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5.1 Contraception: The Nurse’s Role

Contraceptive education and access empower persons to plan for education, create a career, become healthy prior to pregnancy, and choose when to start a family. The nurse aids in this process by providing education on different methods of contraception that are individualized, safe, and affordable. A history and physical exam is performed. Contraindications, side effects, and effectiveness of different methods are discussed, and shared decision making concludes with the person choosing a method they are confident in using.

5.2 Natural Methods of Contraception

Natural methods of contraception are one way for a person to take control of their sexual health and their fertility. The cost of FAM, coitus interruptus, or abstinence is minimal to zero, and there is no need to obtain a prescription. However, the risk of pregnancy with these methods, except for abstinence, is higher than with pharmacologic methods. Both partners need to agree to use any of these methods, and it takes planning and self-control. A bonus of FAM is that when the individual/couple decides to conceive, they are aware of when they are most likely to be ovulating. FAM offer no protection against sexually transmitted infections.

5.3 Barrier Methods of Contraception

Barrier methods of contraception provide protection from pregnancy and STIs. These methods can empower people to be in control of their sexuality and fertility. Some barrier methods are cost-effective and do not need a prescription and health-care visit. The nurse can help educate persons on each barrier method, stressing the importance of using that method with each act of intercourse.

5.4 Short-Acting Reversible Hormonal Methods of Contraception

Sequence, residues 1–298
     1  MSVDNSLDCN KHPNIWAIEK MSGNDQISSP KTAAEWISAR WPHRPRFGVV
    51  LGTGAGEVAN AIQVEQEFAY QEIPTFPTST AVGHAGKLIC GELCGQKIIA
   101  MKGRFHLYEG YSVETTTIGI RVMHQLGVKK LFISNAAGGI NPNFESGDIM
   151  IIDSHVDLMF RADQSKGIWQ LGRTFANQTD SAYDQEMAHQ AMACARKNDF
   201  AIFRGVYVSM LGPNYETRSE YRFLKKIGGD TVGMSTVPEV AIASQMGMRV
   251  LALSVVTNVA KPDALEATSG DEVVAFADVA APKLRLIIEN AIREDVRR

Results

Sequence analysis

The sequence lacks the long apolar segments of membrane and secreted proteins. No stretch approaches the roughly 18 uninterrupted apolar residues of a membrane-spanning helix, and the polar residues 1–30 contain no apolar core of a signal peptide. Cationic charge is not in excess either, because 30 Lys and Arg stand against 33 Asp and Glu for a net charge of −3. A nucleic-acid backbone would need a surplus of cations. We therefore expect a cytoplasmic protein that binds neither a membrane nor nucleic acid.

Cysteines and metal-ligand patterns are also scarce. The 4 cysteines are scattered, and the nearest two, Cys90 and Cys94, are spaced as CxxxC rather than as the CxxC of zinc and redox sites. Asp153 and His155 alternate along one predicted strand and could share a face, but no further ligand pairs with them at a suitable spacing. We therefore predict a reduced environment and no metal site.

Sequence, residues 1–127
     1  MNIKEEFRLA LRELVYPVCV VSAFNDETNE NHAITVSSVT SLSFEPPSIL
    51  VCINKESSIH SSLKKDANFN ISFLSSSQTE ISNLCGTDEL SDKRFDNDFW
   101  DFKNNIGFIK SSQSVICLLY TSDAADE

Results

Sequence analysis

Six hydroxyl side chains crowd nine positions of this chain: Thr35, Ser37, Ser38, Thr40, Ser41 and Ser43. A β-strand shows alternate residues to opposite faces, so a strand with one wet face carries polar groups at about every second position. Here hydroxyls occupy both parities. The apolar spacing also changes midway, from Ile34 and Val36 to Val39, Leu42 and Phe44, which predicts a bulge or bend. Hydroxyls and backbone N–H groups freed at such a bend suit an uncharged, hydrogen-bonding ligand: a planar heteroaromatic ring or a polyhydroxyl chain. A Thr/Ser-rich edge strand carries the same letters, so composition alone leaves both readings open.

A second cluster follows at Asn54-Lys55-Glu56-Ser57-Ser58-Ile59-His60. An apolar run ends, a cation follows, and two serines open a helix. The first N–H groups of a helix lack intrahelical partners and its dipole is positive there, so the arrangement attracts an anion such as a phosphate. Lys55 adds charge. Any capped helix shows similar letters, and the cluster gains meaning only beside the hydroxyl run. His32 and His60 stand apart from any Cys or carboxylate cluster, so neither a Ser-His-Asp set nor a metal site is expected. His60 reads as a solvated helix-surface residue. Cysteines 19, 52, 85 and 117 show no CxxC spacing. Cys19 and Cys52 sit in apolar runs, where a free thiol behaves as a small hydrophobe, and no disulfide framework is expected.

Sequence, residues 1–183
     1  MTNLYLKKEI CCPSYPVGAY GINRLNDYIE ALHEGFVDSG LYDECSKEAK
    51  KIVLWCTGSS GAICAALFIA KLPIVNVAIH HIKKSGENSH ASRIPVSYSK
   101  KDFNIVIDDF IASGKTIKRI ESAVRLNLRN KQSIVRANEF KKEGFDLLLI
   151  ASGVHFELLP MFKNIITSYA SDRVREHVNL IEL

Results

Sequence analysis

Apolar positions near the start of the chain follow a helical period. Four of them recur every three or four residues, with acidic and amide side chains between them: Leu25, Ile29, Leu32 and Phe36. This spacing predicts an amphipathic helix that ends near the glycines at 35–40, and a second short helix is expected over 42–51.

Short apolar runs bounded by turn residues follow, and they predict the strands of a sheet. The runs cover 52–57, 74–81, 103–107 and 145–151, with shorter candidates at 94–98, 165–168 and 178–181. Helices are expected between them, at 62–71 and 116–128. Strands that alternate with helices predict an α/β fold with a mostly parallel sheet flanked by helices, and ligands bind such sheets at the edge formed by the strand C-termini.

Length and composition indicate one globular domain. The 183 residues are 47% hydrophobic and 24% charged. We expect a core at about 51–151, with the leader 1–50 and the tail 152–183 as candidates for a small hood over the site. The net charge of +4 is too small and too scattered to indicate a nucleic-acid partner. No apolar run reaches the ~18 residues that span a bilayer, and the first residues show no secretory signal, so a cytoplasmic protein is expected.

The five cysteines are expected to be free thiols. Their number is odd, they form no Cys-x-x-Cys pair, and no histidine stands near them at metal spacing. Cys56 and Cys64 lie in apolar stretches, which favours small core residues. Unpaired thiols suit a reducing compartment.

Choosing a hormonal contraceptive method for pregnancy prevention or menstruation management is a very big decision. The nurse can be an active member in the health-care team providing evidence-based education, using informed decision making, and performing high-level assessments to ensure patient safety throughout the process. All hormonal contraceptive options should be discussed, including mechanism of action, side effects, adverse effects, effectiveness, education on use, and contraindications to aid in decision making. Hormonal contraceptives do not protect against sexually transmitted infections.

5.5 Long-Acting Reversible Contraception

LARCs are the most effective contraception choices available. There are many benefits, including pregnancy prevention, menstrual relief, cancer prevention, and relief from symptoms associated with migraines or other issues that worsen around menses. Although uncommon, there are complications associated with LARC placement and use, and nurses provide education about these complications. LARCs do not protect against sexually transmitted infections. Additionally, nurses teach about the side effects after placement, including what is expected and not expected, when to call the office, when to go to the emergency department, and when to return for follow-up visits.

5.6 Emergency Contraception

Emergency contraception can be used to prevent pregnancy when contraception was not used or failed. There are oral EC options, one being over the counter, as well as an intrauterine contraceptive option that also offers long term contraception. EC is unique because it is used after sex, rather than before, to prevent a pregnancy. Having this type of contraception can empower people to take control of their sexual health. The nurse is a key health partner providing education and advocating for the person. The nurse can teach about EC options, timing of EC, its side effects, and what is expected and not expected. The nurse also encourages persons to have a form of EC available at all times.

5.7 Sterilization

Permanent sterilization is one of the most effective contraceptive methods. Female sterilization can be performed in the hospital after birth or at a later date as an outpatient procedure most often under general anesthesia. Male sterilization is performed under local anesthesia and is completed in an outpatient setting. Both procedures are safe and permanent. The nurse can provide education about permanent sterilization to patients to ensure they are fully aware of the permanence of their contraceptive decision.

5.8 Induced Abortion

Abortion care is a sensitive topic. Anticipatory guidance from the nurse to the patient about what to expect is essential. The person deciding to have a medically induced abortion needs to understand that this is a 48- to 72-hour procedure and that follow-up will be necessary to be sure all products of conceptions have been expelled. Additionally, the person needs to understand that they may experience intense nausea, cramping, bleeding, and will experience passage of tissue so that they are prepared to deal with the discomfort and sight of blood and tissue contents.

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